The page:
TERABEAM CUTS ITS LOSSES
The end of Terabeam as a standalone company last week brought to a close one of the most theatrical stories of the telecom bubble. Terabeam awed the industry in 2000, when AT&T Wireless CEO Dan Hesse gave up nearly $50 million in stock options to helm the free space optics vendor, which futurist George Gilder credited with “the most disruptive and redemptive technology in all communications.” But after four years, the company that initially collected more than half a billion dollars in investment had only about $4 million in 2003 revenue to show for it. Last week's merger with YDI Wireless valued Terabeam at roughly $50 million to $60 million — about the same amount that Terabeam had in cash at the time.
Terabeam's biggest problem, according to CTO John Schuster, was that bandwidth demand didn't grow fast enough to create a need for its products, which are ideal for 100 Mb/s to 1 Gb/s connections. “[FSO and millimeter wave] are technologies whose times are coming, they're just not here yet,” he said.
Others suggest Terabeam may have bet too heavily on major U.S. carriers at a time when their spending was greatly curtailed. The company maintained an unusually big headcount (130 people, averaging $31,000 in yearly revenue) to cater to that market. And it tailored its wares for big carriers, offering high performance at a high price, disdaining the more price-sensitive enterprise market, “which the executive team didn't care about,” said a source familiar with Terabeam.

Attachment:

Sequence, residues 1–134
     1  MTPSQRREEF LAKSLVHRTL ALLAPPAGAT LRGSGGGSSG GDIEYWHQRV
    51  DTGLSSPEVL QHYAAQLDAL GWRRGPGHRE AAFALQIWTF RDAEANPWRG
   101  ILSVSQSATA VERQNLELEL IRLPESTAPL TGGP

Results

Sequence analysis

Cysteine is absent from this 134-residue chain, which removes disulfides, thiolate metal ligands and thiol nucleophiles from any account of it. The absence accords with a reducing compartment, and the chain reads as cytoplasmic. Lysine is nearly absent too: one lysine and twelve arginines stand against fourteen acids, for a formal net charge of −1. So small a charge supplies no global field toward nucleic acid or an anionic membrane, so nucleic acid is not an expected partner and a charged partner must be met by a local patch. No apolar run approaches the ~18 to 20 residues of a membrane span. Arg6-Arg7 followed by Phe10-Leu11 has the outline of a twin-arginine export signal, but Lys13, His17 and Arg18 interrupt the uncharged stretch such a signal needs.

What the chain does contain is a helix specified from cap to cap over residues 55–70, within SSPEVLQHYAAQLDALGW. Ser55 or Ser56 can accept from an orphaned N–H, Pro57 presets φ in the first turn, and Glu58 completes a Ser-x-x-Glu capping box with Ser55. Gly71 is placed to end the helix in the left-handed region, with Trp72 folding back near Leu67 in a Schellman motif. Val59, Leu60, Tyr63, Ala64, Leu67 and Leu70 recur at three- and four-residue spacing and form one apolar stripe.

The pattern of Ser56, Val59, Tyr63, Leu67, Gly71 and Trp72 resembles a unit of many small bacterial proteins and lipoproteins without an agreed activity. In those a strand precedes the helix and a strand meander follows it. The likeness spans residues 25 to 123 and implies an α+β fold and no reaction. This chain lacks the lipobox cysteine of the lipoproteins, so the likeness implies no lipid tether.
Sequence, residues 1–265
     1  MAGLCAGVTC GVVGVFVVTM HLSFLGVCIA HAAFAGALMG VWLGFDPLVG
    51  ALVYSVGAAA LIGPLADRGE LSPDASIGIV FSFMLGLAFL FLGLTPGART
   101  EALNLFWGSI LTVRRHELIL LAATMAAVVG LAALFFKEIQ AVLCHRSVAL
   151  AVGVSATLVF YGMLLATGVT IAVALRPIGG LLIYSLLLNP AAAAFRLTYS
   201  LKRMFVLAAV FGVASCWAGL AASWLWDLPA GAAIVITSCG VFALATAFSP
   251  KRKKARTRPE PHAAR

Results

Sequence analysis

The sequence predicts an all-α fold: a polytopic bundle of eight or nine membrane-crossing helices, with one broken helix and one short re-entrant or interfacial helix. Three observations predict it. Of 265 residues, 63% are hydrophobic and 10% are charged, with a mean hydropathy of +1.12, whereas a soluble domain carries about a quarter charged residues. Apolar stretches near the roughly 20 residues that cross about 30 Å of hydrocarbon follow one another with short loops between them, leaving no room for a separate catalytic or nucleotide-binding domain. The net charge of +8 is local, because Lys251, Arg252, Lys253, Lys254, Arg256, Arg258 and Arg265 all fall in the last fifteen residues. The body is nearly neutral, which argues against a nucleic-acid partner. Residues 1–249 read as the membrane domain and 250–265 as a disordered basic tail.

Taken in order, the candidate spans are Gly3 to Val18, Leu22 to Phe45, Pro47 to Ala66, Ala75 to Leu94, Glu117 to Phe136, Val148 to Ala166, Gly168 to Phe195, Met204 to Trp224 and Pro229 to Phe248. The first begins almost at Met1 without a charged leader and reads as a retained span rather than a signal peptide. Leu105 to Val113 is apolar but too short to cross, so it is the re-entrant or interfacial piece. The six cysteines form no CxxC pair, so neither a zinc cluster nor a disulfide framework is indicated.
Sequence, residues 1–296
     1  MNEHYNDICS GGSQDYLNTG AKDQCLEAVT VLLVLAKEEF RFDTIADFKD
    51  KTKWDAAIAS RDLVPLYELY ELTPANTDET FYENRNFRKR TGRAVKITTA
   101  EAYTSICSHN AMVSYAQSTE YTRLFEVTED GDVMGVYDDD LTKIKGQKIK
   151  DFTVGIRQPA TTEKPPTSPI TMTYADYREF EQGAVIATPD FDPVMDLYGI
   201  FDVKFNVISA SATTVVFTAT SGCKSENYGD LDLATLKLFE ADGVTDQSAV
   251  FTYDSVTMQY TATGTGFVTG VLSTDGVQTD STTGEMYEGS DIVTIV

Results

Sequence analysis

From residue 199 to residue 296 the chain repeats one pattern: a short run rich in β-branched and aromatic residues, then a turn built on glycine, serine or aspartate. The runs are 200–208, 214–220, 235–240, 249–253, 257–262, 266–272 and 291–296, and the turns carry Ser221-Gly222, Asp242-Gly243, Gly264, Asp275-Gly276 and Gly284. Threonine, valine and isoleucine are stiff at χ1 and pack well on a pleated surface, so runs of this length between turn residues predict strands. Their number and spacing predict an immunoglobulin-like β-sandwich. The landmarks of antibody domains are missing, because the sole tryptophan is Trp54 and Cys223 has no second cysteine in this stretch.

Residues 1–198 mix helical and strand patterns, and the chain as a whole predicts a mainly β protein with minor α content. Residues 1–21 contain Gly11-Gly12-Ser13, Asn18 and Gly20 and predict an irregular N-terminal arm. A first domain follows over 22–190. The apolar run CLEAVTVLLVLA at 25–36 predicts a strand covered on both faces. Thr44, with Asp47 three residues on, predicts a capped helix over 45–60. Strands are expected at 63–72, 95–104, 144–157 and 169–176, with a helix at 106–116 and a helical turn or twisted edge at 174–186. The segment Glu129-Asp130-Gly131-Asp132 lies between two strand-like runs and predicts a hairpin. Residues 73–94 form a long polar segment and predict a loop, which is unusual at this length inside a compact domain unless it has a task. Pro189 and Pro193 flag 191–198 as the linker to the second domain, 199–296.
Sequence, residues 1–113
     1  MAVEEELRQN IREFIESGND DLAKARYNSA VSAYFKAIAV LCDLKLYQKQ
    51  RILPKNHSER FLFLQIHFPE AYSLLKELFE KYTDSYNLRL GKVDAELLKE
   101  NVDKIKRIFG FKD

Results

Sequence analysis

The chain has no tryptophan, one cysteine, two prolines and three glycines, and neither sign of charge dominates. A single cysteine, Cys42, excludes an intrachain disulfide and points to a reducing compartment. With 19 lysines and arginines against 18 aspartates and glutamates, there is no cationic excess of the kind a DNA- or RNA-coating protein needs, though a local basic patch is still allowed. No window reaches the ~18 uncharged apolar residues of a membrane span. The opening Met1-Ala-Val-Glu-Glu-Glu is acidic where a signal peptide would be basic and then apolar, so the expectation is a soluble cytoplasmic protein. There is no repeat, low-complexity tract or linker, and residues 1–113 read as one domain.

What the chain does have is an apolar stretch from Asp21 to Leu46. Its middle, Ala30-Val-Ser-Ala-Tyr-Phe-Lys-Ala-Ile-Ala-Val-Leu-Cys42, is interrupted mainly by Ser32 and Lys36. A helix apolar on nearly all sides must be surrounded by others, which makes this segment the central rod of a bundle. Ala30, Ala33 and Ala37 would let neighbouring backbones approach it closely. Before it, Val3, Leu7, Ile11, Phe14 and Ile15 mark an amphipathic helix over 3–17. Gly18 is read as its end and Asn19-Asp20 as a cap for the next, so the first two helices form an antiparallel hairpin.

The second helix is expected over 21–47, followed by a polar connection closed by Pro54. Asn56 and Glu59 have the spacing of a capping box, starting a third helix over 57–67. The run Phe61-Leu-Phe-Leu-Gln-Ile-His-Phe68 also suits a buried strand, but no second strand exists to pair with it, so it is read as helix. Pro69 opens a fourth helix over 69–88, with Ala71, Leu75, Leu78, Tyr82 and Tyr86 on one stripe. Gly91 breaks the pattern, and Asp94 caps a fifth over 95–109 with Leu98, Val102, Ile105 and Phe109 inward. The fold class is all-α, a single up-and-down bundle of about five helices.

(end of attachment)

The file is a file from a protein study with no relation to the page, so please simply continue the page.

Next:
“[Terabeam] had this mentality that, ‘We've got this A-list CEO who can get these deals done for us,’” he said. “‘It's OK, Dan will make a phone call, and we'll get this deal done.’”
SBC and at least two other unnamed Baby Bells are paying customers of Terabeam, Schuster said. They just don't pay very much. AT&T signed a contract of some sort with Terabeam in early 2003, a source said, but it never turned into sales.
Still, a YDI spokesman said the inroads Terabeam made with Baby Bells is one of the assets it is most eager to exploit from its new subsidiary.
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